One day during the budget debates on Capitol Hill, President Reagan welcomed Maryland's freshman Rep. Royden P. Dyson and several of his Democratic colleagues into the Oval Office to ask their support on a crucial gudget vote.

Dyson waited a few minutes, he recalls, before telling the president that he had only one political interest: "If we vote [with you] will the Republicans campaign against us? That's the only thing I'm interested in."

Reagan chuckled, but it was a serious moment for Dyson, a man preoccupied with getting reelected to the 1st District seat he won last November after Republican incumbent Robert Bauman was charged with sexual solicitation of a teen-age boy.

For the last nine months, Dyson, the one-time Maryland delegate who unsuccessfully pursued the seat for years, has nervously looked over his shoulder at a possible comeback by the deposed but still popular Bauman or a challenge from the many Republicans and Democrats who say he won only because of Bauman's misfortunes.

"Everyone knows he's vulnerable," said Harford County Democratic Sen. Arthur Helton. "Roy represents a district that, all things being equal, he would not have won if the catastrophe hadn't happened to Bauman."

So it was no surprise to Dyson this week when the state Republican Party began a series of radio advertisements that attacked a few budget votes he cast against Republican proposals -- and ignored other equally important budget votes in which Dyson supported Reagan.

Throughout Dyson's conservative district, a huge sweep of farmland and subrubs that bucked the state trend in 1980 and voted overwhelmingly for Ronald Reagan, voters are being told: "Roy Dyson voted against Ronald Reagan . . . . Roy Dyson voted against you."

The ads, said Maryland Republican Party Chairman Allan Levey, are the opening round in an effort to reclaim a district that, politically, is as conservative as the heart of Dixie. Despite a Democratic edge in registration, the Republicans have controlled the 1st District seat for two decades and come 1982, Levey said, "the seat is very winnable . . . whether Bob Bauman, [former Republican State Sen.] Porter Hopkins or Frank Perdue runs."

"They've been waiting to do this for six months," said Dyson of the ads. "In a sense, I've been damned from the day I was elected. They're trying to erode confidence in me."

While the Republican radio campaign is Dyson's current worry, it is not his only one. As he frequently traverses the district -- which stretches from the Pennsylvania border to the Eastern Shore to southern Maryland -- he finds that many people believe his election was a fluke and that several Democratic state legislators are openly hungering after his seat now that Bauman is gone.

Dyson has also heard that some of his potential challengers in the legislature would like to make him even more vulnerable by redistricting his southern Maryland home out of the 1st District when congressional lines are redrawn next year.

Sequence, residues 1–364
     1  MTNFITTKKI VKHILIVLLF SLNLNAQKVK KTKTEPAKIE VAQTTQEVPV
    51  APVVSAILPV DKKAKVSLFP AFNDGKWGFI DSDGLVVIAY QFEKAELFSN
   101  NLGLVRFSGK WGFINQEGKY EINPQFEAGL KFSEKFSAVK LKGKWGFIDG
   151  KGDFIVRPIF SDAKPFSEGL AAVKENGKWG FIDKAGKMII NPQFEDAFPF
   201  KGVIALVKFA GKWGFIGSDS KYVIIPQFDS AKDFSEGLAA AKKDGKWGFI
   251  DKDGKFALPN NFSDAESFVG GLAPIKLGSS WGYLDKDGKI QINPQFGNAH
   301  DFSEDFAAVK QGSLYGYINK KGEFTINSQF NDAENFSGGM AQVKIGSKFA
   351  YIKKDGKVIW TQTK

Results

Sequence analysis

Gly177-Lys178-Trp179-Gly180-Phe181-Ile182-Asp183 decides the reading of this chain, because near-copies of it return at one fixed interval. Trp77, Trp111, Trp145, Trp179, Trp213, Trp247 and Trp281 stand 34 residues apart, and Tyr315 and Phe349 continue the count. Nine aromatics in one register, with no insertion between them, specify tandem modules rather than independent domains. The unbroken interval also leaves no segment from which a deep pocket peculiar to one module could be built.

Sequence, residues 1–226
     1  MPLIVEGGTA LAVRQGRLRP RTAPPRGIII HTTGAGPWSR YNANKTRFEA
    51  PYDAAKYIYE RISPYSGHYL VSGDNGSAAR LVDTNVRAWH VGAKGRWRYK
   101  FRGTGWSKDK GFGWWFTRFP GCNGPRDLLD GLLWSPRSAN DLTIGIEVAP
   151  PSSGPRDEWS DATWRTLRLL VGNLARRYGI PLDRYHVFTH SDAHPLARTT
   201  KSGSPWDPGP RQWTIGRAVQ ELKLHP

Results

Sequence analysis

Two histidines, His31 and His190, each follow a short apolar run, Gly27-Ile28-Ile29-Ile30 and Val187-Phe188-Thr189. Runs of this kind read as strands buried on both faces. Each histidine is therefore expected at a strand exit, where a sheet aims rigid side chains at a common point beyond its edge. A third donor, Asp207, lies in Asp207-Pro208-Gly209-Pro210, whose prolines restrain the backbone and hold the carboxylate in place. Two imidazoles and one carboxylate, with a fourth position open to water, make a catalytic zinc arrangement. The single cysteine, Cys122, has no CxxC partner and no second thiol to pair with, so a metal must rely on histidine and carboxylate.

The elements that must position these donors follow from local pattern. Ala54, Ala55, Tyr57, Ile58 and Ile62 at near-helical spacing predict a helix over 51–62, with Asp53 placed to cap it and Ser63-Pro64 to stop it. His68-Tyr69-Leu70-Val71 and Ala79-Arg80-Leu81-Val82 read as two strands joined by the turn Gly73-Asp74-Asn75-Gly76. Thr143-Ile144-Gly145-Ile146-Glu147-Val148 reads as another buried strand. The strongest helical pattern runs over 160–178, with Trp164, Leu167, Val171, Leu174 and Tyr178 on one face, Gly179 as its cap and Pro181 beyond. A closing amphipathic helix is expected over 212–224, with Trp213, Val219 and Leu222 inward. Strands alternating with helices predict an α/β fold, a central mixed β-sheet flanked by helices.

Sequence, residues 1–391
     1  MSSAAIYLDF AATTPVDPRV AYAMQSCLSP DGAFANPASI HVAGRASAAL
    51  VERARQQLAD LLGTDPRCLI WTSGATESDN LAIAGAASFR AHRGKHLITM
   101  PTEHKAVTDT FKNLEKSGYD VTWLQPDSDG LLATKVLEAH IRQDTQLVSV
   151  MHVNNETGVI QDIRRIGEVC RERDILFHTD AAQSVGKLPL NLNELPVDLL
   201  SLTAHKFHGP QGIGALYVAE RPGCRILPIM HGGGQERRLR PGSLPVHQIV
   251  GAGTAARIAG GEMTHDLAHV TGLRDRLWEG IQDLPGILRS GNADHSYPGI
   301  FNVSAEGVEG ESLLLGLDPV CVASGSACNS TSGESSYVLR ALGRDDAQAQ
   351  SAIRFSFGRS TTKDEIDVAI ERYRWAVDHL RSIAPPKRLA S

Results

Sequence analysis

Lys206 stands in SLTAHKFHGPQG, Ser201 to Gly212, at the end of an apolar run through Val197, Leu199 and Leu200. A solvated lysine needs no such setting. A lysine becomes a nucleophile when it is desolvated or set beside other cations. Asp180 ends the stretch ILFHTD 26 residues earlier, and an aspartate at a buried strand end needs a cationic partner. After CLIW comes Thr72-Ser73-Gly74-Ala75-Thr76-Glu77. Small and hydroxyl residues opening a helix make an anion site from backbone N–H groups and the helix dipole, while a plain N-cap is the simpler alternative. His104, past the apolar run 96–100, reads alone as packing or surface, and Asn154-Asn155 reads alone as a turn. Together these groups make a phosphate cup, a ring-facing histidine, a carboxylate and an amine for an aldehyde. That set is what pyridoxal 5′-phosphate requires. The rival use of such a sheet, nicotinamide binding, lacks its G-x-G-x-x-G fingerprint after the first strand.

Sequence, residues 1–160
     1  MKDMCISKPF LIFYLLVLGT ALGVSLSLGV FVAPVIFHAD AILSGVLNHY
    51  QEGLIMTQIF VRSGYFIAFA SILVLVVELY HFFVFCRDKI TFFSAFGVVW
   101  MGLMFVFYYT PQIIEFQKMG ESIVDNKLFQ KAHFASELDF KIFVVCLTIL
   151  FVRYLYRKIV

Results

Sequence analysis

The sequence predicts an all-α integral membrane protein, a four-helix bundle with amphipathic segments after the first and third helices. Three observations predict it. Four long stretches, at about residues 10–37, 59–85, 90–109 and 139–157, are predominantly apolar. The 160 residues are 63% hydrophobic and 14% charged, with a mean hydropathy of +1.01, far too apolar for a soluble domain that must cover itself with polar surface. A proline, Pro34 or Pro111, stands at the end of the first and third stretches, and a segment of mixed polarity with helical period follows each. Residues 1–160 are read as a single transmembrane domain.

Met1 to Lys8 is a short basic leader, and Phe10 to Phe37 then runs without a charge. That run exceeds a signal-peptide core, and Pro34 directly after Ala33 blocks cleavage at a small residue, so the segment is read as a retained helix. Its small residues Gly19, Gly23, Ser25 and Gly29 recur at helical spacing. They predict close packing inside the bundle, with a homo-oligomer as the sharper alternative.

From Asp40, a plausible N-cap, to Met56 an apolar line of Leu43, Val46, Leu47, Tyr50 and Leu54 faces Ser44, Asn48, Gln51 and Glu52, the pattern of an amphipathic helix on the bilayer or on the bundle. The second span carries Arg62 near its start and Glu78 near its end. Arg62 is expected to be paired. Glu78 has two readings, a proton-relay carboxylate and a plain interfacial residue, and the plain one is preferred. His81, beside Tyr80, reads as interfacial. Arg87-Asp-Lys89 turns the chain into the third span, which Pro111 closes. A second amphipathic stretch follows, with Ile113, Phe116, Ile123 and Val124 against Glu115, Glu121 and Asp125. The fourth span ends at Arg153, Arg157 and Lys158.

While Dyson says this is an unlikely possibility, he says he has nonetheless been scouting around for houses in Salisbury, safely in the heart of the Eastern Shore.

An aggravating as all this is to Dyson, whose energy for campaigning is legendary, he is most jumpy about the man he defeated in 1980, Bob Bauman, the acerbic, conservative pointman who is now an Easton lawyer.

Dyson pursued Bauman's seat for five years as a delegate from St. Mary's Conty until the Republican's popularity and tight hold over his district foundered on his confessions of "twin compulsions of alcoholism and homosexual tendecies." But despite his problems, Bauman's name is still well-known and his reputation as a good congressman persists in many parts of the district.

"Bauman is the only really viable opponent I have," Dyson says.

Bauman, his friends say, would like to return to Congress now that the right wing Republicanism he sepouses is much in vogue. While he is not yet committing himself to a rematch, Bauman recently released the results of a poll that showed him beating Dyson in a hypothetical rematch.

According to the poll by the New York-based Arthur J. Finkelstein and Associates, 41.9 percent of the 309 voters surveyed said they would support Bauman and 33.7 percent would support Dyson if an election were held today. The poll showed the eight-point lead for Bauman even though it also showed that 38 percent of the voters believe he is an alcoholic and 46.9 believe he is homosecual.

While Dyson challenges the accuracy of the poll and says he doubts Bauman will want a rematch that is sure to drag his personal problems into the limelight again, he is nonetheless preoccupied with the possibility.

Recently, Dyson showed up at a Talbot County training school function where Bauman, the school's lawyer, was present. Dyson shook hands all around, avoiding Bauman, and then dashed off. "I made him nervous," Dyson says, "that's why I went."

And while Bauman, equally preoccupied with Dyson, says he successor is "paranoid," he takes a certain pleasure in the fact that his first public speaking engagement since the "troubles" will be on Dyson's home turf, at a meeting of the St. Mary's County Young Republican Club.